31. 31. Thailand (Siam)• Even today, the kings of Thailand bear the royal title is Rama, a Hindu avatar, and the story of Ramayana is depicted on the palace and temple walls of Bangkok.• Hindu festivals such as Dashahara, commemorating the victory of Rama over the demon king Ravana, are still observed in Thailand.• The Thais, like the Hindus, still believe in Vishnu or Naryana (Phra Narain), and Mahadeva or Siva, and dislike the asuras (asuns) as the enemies of the devas.
    32. 32. Lord Ganeshasits majestically in anelegantly crafted shrineoutside the Bangkok WorldTrade Center, Thailand.
    33. 33. Vietnam (Champa)• The Champa civilization was located in the more southern part of what is today Central Vietnam, and was a highly Indianized Hindu Kingdom, practicing a form of Shaivite Hinduism brought by sea from India.• Myson, a Hindu temple complex built by the Champa is still standing in Quang Nam province, in Vietnam.• In all, approximately 50,000 Chams in Vietnam are Hindu, with another 4,000 Hindus living in Ho Chi Minh City; some of these are ethnic Cham, but most are Indian (Tamil) or of mixed Indian-Vietnamese descent.• The Mariamman Temple is one of the most notable Hindu temples in Ho Chi Minh City.
    34. 34. Po Nagar is a Cham temple tower located inthe medieval principality of Kauthara,near modern Nha Trang in Vietnam. Itis dedicated to Yan Po Nagar, thegoddess of the country, who came tobe identified with theHindu goddesses Bhagavati and whoin Vietnamese is called Thiên Y ThánhMâu.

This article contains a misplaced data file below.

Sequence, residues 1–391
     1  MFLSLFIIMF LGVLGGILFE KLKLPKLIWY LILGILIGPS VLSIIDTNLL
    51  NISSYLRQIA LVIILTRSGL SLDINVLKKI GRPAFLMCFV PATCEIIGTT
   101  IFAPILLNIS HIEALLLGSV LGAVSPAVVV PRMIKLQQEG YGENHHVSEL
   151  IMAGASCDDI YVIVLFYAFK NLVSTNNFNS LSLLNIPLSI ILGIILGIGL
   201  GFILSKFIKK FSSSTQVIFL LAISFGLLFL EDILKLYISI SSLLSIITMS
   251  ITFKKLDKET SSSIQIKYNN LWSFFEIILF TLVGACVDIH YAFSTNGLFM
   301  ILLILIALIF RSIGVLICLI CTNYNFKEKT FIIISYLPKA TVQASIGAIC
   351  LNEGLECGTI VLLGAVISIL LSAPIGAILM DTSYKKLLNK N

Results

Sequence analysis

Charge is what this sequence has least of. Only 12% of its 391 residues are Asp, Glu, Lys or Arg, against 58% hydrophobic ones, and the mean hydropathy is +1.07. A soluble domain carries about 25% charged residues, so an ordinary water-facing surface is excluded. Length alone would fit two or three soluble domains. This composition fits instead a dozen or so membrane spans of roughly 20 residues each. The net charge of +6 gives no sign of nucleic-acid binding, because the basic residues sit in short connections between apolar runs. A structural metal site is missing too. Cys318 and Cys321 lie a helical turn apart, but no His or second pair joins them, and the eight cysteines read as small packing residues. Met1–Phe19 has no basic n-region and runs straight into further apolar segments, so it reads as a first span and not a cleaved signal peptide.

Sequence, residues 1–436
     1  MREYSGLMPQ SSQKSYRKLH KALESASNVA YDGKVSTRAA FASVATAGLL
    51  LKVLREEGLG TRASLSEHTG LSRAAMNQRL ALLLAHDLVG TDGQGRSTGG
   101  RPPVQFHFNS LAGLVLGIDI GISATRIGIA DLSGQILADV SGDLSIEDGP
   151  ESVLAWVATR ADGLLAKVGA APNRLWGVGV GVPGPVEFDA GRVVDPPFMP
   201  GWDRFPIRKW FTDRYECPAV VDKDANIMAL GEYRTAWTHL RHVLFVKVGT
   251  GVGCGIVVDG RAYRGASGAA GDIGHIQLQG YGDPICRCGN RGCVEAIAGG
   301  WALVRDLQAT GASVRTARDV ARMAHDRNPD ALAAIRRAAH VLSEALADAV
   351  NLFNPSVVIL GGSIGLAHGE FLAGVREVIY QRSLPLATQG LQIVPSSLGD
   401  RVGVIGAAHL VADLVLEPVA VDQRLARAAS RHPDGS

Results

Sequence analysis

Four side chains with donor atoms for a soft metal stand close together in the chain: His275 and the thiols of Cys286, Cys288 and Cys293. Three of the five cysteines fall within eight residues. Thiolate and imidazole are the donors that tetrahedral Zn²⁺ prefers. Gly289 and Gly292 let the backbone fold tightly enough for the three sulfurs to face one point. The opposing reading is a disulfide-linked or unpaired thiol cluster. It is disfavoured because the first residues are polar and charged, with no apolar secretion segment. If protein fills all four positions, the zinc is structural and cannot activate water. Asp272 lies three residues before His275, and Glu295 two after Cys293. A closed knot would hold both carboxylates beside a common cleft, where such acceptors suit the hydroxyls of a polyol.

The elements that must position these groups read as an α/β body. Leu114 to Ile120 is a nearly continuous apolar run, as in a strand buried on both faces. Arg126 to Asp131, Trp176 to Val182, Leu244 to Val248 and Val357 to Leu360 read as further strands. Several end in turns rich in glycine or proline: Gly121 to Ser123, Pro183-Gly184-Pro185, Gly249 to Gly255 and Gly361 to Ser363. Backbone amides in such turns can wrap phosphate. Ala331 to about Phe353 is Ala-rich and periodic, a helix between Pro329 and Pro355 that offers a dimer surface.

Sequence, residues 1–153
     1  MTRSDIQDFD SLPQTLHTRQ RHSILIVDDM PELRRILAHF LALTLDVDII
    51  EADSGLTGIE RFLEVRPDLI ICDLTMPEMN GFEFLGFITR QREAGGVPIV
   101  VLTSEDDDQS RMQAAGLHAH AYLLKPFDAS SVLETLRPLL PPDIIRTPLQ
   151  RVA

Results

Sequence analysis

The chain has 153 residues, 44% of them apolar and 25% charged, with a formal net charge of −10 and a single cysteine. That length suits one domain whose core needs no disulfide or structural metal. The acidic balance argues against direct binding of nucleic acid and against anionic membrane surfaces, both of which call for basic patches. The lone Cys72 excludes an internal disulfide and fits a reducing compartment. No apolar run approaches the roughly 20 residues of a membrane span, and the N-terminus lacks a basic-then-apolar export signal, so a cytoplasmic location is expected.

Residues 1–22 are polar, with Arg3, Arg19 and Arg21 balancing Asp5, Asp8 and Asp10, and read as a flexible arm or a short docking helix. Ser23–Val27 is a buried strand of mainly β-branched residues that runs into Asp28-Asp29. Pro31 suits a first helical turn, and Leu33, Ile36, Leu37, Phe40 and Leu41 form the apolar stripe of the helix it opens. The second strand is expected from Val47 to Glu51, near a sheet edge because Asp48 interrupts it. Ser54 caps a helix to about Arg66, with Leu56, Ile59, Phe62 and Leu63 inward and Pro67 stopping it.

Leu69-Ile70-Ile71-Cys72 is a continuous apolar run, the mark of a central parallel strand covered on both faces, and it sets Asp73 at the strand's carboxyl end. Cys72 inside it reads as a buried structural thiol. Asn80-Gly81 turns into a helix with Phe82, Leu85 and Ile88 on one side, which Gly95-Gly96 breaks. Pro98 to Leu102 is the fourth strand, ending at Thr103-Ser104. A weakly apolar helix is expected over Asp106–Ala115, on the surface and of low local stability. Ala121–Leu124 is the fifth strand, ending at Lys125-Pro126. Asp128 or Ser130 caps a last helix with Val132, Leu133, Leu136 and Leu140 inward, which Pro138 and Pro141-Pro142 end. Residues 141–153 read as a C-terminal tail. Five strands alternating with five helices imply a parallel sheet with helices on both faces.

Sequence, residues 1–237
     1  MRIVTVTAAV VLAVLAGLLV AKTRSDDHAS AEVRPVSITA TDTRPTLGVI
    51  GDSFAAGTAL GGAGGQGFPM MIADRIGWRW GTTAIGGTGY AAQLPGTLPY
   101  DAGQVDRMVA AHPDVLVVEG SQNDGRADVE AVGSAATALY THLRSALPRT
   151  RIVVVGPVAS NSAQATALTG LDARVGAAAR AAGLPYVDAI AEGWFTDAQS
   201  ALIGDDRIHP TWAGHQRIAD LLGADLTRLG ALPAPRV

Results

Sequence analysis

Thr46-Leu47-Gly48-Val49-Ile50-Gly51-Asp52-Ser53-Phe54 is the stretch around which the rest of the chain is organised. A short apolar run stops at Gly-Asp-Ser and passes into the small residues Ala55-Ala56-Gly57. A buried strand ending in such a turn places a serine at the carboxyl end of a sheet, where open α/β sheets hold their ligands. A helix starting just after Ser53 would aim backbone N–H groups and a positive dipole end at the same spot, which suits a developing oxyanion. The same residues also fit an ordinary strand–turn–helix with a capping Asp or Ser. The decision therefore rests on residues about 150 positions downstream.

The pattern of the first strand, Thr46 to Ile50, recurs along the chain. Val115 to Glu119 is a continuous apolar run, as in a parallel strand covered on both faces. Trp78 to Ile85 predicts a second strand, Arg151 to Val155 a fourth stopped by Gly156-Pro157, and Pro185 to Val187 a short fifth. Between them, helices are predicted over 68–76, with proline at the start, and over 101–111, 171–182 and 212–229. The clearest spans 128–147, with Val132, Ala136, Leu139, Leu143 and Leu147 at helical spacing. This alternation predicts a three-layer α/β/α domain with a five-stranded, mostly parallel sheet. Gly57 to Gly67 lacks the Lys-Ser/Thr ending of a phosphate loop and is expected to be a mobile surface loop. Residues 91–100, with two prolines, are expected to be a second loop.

35. 35. ChampaCivilization
    36. 36. Borneo• The Dayaks, the original inhabitants of Borneo, follow the religion of Kaharingan, which the Indonesian government has classified as a form of Hinduism.• The Dayak Hinduism is allied to the Balinese Hinduism.• The sultan of Brunei (in Borneo) bore the title of Seri Bhagwan meaning Shree Bhagwan (Lord Almighty).• Sarawak, a part of Borneo happened to lose its suzerainty to the British. Yet the white English ruler of Sarawak too was known as the Rajah.
    37. 37. Malaysia• In Malaysia, the commander-in-chief is still called Lakshmana -- a remnant of the role played by Ramas brother in the battle of Lanka.• Take the name of Kuala Lumpur. The suffix Pur is a Sanskrit termination used to signify a township. the original Sanskrit name was Cholanampuram. i.e. the city of the Cholas.• A city in mountainous north Malaysia is called Sungei Pattani. Its ancient Sanskrit name was Shringa Pattan meaning a mountain city.